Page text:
Yesterday I tweeted a figure of teen birth rate changes based on the fertility question in the American Community Survey. It showed Colorado with an above-average drop in teem births from 2008 to 2013, but not the biggest drop in the country. I have a better chart on this below.
The reason for the attention was this story in the New York Times, which reported:
Over the past six years, Colorado has conducted one of the largest experiments with long-acting birth control. If teenagers and poor women were offered free intrauterine devices and implants that prevent pregnancy for years, state officials asked, would those women choose them?
They did in a big way, and the results were startling. The birthrate among teenagers across the state plunged by 40 percent from 2009 to 2013, while their rate of abortions fell by 42 percent, according to the Colorado Department of Public Health and Environment.
Since the article didn’t provide data for comparisons, and I knew teen births were declining all over, I wanted to see if Colorado’s experiment was really such a standout. The figure was republished by German Lopez at Vox.com in a post on the Colorado program. Although the figure showed Colorado with a big drop, it still cast doubt on the program because it showed four states and DC with bigger drops.
I’m retracting that figure today, because I realized — and I should have known this — that we have teen birth rates by state and year from the vital records data reported by the National Center for Health Statistics. In these reports we can see that Colorado did, in fact, have the largest decline in teen births from 2008 and 2013 (their program started in 2009). Here’s the new figure:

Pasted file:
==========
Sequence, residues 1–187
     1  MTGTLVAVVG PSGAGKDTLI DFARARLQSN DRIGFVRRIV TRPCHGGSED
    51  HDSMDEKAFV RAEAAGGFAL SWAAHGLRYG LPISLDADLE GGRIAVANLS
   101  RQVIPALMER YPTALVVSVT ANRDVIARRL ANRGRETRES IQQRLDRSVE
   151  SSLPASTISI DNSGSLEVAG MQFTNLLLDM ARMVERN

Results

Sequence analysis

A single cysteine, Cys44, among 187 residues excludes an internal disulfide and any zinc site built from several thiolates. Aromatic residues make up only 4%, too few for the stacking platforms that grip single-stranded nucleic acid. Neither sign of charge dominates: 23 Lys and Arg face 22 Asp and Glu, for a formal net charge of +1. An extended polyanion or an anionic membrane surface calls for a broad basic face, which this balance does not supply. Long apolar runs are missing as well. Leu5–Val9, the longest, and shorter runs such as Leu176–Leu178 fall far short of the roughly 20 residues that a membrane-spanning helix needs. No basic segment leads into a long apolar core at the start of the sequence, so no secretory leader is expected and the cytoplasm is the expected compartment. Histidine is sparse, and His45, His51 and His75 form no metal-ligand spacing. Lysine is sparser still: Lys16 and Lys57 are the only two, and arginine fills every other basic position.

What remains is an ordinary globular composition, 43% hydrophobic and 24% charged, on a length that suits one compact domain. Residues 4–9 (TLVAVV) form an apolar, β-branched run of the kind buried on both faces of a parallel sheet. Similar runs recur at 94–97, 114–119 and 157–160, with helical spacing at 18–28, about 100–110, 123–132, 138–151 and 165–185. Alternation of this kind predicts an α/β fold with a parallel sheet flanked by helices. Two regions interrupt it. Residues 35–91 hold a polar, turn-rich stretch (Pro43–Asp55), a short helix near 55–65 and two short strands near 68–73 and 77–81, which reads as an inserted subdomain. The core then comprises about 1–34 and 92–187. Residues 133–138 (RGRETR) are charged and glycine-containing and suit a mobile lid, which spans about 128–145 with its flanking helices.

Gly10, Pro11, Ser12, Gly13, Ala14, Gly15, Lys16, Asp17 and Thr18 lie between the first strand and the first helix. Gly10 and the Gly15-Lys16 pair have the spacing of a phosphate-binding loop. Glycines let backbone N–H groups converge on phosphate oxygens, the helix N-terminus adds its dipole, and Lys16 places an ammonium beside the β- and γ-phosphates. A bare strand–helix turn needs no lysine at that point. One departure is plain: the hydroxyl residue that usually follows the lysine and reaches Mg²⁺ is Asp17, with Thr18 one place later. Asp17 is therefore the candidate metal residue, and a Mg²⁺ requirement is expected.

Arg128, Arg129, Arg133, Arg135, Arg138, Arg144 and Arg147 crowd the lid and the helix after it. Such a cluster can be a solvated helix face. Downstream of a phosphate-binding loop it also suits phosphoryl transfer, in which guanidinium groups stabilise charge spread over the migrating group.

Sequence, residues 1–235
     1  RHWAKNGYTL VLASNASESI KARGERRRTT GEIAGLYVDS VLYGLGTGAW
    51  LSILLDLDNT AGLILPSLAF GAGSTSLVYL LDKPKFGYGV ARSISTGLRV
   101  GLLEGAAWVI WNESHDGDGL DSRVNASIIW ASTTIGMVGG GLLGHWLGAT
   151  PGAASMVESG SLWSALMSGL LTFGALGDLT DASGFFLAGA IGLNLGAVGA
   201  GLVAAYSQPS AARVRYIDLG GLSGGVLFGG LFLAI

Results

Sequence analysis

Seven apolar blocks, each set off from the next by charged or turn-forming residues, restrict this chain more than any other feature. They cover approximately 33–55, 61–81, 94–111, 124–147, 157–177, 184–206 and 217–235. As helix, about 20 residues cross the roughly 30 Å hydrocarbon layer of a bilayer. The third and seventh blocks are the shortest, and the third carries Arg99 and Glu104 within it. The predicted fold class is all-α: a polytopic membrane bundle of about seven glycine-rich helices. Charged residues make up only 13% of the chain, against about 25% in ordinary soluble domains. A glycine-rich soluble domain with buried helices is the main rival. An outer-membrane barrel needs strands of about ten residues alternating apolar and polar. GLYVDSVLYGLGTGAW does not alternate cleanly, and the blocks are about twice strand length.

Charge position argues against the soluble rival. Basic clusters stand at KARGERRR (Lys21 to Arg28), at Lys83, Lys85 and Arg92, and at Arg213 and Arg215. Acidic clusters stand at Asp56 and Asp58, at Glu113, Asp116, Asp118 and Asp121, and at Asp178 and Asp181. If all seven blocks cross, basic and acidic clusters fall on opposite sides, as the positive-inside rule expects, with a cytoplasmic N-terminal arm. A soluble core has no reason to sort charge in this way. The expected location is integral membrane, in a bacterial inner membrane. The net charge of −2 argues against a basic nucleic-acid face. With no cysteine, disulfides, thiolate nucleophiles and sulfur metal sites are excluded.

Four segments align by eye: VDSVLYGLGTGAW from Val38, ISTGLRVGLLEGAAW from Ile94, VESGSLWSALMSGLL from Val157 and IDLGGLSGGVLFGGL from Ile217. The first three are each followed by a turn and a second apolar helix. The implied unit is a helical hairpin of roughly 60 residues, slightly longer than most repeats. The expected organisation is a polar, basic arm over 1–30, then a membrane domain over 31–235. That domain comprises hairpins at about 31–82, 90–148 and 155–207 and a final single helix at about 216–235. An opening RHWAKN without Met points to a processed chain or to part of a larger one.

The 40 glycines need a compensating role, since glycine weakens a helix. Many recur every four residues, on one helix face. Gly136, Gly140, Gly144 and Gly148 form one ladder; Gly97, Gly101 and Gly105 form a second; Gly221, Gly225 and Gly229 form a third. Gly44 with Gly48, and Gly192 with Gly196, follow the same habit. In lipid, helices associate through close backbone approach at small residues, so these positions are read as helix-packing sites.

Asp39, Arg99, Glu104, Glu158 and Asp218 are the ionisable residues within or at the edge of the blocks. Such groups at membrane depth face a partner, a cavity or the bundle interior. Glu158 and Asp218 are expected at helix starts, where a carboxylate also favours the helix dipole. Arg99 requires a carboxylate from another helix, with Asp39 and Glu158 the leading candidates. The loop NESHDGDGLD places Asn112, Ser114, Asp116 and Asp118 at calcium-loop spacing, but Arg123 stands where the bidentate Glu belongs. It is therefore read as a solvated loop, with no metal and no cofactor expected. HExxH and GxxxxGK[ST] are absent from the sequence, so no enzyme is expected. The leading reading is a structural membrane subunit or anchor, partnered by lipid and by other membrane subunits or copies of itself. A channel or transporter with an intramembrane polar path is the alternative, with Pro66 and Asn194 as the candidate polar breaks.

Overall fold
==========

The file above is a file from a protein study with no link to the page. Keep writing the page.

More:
The story isn’t that different between NCHS and ACS data, but Colorado is trying to raise money to continue the program, and it sure is nice for them to have this comparison. It’s great to have data right away — and share it — and it’s also great, even greater, to have better data. The vital records data is more complete and reliable, since it is not based on a sample, and teen births are rare enough now that sampling variation matters, even in a big sample like the ACS. So I regret that I published the earlier figure.
The teen birth rate is declining all over the country, even in places with terrible policies, so the Colorado program — valuable as it may be — is swimming with the tide.
The reason teen births are declining all over is because the teen birth rate is a myth — what’s really happening is women in the U.S. are having their children later, for economic and social reasons that go way beyond what’s happening with teens per se. I have written about this a few times:
- Marriage promotion and the myth of teen pregnancy
- US teen birth rates remain high, and they’re not falling for the reasons you’ve heard